How can I tell if my 3-yr-old son with delayed speech is ready for potty training?
The issue of when and how to begin toilet training can be particularly challenging for parents of children with special needs. While no parent wants to push an already challenged child to perform in ways that are impossible, the sense of accomplishment experienced when he does succeed in this important aspect of self-care can make an enormous difference in his level of self-esteem.
Perhaps more than other parents, those who have children with physical, mental, or developmental disabilities can appreciate the toilet-training process as a way to follow and celebrate a child’s overall growth. Rather than focusing on their child’s mistakes, which are inevitable in any case, they can use this opportunity to discover how he learns best and to demonstrate to him that he is able to progress.
Toilet training works best when parents of children with special needs have access to the guidance, instruction, and encouragement of their pediatrician, other trained professionals, or support groups. The first step you must take is to determine whether your child is ready to begin. Signs of readiness are the same for your child as for all children:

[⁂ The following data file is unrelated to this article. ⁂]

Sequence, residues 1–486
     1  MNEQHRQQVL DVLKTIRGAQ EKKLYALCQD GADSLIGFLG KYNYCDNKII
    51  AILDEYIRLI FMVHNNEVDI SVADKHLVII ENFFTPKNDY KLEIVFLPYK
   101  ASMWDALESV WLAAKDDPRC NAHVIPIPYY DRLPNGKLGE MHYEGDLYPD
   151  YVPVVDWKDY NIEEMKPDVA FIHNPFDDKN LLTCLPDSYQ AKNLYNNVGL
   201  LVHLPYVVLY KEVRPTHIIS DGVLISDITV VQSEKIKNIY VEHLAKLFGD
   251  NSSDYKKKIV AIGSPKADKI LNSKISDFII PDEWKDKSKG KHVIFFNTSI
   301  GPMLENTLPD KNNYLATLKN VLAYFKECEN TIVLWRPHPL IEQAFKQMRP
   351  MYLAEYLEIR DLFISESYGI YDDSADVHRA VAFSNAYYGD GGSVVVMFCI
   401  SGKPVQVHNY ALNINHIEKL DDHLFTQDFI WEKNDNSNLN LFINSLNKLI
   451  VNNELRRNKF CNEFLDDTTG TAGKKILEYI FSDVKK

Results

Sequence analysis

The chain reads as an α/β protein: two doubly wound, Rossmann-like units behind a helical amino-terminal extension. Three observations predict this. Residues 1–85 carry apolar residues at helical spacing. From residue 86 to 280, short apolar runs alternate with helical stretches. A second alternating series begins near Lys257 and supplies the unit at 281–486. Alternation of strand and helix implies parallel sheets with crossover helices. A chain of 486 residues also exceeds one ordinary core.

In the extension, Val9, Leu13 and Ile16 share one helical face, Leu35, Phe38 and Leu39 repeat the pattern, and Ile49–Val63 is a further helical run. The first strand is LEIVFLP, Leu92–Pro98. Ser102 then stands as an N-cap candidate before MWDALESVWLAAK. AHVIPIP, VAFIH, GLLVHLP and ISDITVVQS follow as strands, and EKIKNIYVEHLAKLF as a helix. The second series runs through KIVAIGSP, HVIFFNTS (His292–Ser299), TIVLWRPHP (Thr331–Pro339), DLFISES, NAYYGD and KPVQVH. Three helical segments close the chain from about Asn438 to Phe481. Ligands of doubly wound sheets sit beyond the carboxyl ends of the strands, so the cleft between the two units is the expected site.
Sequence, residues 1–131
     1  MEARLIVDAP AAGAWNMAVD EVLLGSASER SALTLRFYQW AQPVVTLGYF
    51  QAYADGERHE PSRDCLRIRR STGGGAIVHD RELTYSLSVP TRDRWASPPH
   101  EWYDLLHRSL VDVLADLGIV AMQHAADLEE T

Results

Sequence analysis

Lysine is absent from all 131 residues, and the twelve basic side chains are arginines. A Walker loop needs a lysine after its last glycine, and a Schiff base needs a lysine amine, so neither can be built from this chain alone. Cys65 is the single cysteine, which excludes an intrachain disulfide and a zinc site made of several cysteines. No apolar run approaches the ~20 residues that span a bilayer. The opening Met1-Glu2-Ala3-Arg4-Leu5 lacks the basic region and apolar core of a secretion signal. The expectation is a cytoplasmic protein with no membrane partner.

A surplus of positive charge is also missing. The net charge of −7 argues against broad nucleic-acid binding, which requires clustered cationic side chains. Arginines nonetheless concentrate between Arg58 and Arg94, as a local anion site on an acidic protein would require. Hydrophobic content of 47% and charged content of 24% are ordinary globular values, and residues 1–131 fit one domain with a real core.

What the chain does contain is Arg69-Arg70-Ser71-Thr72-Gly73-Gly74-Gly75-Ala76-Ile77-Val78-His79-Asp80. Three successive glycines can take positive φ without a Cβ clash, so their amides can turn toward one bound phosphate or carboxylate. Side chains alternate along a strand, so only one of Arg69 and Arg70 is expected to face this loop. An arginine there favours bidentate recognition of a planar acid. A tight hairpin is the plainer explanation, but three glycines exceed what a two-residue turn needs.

- Is your child aware of the difference between being wet and being dry?
- Can he stay dry for at least two hours at a time?
- Can he sense when he needs to urinate or have a bowel movement, and is he capable of reaching the toilet or potty in time (perhaps with your help)?
- Can he undress and dress himself or is he ready to learn?
Is he motivated at some level to take this next step?
If your child is in a resistant phase, is not ready to take on a new challenge, or does not yet feel the urge to behave “like other kids” in this way, you might take some extra time to prepare him mentally before starting the training process.